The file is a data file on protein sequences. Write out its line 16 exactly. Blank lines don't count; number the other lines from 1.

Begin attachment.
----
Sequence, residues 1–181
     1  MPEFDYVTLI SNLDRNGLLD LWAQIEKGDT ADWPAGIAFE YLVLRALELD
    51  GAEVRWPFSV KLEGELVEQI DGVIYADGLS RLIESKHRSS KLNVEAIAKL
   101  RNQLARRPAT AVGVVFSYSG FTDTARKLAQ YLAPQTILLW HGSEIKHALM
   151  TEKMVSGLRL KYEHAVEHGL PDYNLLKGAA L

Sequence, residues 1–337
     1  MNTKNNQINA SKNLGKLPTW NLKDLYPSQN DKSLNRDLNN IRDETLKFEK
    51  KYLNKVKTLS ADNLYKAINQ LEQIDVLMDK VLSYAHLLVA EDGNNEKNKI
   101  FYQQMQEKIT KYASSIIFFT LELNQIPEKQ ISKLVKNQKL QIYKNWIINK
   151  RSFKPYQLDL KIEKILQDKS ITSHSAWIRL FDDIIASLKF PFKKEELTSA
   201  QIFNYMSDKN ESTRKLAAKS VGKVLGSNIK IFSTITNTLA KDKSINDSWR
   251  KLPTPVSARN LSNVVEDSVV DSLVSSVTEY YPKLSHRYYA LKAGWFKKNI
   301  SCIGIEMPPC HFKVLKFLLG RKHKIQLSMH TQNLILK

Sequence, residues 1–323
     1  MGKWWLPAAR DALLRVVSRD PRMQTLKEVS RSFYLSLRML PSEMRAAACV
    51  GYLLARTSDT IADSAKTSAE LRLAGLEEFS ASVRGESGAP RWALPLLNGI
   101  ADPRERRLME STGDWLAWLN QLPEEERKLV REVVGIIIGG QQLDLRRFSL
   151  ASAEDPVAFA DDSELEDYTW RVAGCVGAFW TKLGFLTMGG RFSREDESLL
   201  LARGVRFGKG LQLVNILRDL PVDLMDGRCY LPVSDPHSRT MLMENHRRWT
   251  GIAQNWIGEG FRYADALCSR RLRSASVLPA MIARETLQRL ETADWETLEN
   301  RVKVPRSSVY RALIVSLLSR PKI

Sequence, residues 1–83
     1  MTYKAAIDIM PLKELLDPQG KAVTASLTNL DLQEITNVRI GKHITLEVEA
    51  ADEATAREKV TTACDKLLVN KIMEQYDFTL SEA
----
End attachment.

    51  GYLLARTSDT IADSAKTSAE LRLAGLEEFS ASVRGESGAP RWALPLLNGI